To protest the killing of Bijapur-based journalist Sai Reddy by Maoists in December, journalists from Bastar and parts of Chhattisgarh will march through Maoist stronghold Abujhmaad on a three-day long ‘Media Swatantrata Padyatra’.
On Sunday, over 50 journalists reached Orchha in Narayanpur district (one of the entry points to Abujhmaad) and will begin their march on Monday morning. The march will culminate in Kutru block of Bijapur district on January 30 — the day Mahatma Gandhi was assassinated.
For three days, the journalists will walk through hilly forest land that has no administrative presence and whose geography and coordinates few of them are aware of. They will travel around 15-20 km everyday with halts at Ader Jatlur and Lanka.
The police have advised them to cancel the trip due to the Maoists threat, but the journalists have remained adamant.
“Naxals are torturing Bastar journalists for frivolous reasons. This killing (of Reddy) has crossed all limits. We have undertaken this Pad Yatra through their den to tell them that our pen would not surrender before their gun. We appeal to the journalists of across the country to support us,” Bastar Journalist Association chief S Karimuddin told The Indian Express.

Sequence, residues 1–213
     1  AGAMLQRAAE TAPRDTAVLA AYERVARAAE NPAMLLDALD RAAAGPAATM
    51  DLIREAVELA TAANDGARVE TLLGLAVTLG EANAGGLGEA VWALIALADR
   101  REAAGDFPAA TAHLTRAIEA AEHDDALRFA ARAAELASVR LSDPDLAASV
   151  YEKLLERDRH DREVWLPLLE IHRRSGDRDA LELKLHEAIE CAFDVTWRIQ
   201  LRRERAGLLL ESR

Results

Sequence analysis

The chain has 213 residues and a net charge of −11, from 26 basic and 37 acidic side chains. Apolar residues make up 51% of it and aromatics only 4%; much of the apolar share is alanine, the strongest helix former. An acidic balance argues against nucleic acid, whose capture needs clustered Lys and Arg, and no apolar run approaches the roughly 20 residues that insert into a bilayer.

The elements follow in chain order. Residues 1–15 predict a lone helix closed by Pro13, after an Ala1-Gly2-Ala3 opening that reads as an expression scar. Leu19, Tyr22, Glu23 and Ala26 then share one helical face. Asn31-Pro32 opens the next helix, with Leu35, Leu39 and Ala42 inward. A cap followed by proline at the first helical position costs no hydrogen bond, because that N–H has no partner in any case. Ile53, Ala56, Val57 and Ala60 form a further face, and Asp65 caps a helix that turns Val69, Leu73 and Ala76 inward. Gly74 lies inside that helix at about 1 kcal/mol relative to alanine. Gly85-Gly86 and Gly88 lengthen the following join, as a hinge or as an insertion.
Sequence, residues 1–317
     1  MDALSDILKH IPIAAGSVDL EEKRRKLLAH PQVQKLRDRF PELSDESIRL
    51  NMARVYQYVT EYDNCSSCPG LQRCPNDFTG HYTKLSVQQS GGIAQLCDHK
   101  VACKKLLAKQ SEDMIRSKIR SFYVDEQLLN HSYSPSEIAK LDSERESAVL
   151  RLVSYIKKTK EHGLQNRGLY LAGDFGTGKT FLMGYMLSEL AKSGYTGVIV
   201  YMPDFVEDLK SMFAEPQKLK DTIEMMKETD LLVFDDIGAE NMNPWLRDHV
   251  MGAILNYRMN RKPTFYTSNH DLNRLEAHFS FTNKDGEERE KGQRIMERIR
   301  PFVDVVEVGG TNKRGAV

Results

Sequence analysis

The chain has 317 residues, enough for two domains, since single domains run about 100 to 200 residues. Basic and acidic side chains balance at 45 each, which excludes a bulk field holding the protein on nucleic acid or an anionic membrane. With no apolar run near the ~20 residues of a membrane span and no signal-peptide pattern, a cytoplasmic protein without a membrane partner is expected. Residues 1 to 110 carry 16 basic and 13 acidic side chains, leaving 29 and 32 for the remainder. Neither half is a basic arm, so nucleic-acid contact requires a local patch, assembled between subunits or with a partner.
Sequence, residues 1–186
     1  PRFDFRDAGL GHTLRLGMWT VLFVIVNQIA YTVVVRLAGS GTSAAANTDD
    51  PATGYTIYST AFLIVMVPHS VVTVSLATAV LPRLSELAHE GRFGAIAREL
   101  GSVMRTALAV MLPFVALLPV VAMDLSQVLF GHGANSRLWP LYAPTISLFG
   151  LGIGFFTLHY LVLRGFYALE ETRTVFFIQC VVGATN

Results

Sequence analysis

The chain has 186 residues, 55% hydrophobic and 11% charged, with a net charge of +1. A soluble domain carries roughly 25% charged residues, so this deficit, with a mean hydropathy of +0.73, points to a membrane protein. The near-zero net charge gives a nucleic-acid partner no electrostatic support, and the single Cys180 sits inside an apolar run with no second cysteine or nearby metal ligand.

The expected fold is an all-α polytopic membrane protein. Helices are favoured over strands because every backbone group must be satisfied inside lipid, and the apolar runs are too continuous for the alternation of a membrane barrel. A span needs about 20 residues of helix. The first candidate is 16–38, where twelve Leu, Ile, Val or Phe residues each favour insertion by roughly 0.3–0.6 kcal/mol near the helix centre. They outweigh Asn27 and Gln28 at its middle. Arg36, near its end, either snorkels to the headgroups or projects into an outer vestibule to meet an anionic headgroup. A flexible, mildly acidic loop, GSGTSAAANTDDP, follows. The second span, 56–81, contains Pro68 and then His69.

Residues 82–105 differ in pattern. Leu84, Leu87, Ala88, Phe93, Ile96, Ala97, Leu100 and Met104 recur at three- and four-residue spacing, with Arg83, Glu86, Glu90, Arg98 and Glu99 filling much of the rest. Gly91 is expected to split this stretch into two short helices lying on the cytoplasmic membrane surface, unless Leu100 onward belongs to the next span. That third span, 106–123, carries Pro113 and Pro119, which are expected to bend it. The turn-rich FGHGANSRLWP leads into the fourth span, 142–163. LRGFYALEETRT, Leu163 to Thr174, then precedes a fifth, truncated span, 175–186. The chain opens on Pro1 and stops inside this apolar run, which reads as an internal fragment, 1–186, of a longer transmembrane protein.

Maoists had said that Reddy was killed as he was a police informer, an accusation journalists quickly junked noting that he had always opposed police atrocities. Ironically, Reddy was also jailed under the draconian Chhattisgarh Special Public Security Act for being a Maoist informer.
The journalists could not be contacted on Sunday as they were already out of contactable range. Their Facebook pages were, however, full of messages and photographs.
“Bye friends, will now meet on Gandhiji’s martyrdom day,” wrote Kamal Shukla, one of the organisers.
Another organiser wrote: “It’s a courageous step, through a land no one knows. It cannot be predicted either what may befall these Padyatris on the way. It’s still not certain if this journey will be completed, but this journey knows its aims and it can be said with certitude that it would successfully deliver its strong message in the forest.”